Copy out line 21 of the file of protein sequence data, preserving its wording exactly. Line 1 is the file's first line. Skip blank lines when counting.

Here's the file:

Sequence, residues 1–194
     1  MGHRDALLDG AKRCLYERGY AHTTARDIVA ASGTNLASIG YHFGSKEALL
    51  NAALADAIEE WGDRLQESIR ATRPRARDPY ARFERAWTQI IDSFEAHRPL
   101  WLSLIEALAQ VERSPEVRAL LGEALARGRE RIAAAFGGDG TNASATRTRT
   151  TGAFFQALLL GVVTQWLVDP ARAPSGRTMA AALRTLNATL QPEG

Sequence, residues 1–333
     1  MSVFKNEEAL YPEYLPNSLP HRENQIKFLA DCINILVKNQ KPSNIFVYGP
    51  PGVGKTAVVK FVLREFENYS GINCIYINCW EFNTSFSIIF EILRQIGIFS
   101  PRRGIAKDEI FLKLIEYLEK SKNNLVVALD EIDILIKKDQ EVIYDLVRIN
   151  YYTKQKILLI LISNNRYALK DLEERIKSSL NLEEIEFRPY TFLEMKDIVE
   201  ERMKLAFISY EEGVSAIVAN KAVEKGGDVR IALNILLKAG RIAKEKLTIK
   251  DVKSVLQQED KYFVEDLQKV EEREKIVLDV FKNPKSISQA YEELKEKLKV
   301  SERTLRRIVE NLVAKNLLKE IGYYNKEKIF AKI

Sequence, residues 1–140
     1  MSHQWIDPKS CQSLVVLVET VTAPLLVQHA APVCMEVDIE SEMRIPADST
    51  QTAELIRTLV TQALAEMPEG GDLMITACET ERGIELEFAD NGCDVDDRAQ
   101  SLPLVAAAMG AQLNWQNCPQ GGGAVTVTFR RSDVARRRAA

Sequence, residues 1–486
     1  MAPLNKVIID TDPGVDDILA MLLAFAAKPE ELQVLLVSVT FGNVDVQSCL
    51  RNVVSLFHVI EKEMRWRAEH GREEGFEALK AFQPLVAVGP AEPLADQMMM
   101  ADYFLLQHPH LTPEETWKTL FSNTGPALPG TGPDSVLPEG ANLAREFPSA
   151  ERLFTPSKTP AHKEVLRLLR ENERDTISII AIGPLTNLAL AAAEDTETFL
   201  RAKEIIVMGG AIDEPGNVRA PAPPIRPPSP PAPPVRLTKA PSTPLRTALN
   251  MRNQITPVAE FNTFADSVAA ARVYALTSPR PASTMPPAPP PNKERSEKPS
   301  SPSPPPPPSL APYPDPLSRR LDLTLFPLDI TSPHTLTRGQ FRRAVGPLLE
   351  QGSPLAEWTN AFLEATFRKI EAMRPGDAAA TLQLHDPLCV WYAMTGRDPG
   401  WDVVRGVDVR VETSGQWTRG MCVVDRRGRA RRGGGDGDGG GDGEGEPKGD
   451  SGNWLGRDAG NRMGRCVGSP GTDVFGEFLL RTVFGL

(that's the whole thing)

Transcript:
   101  ADYFLLQHPH LTPEETWKTL FSNTGPALPG TGPDSVLPEG ANLAREFPSA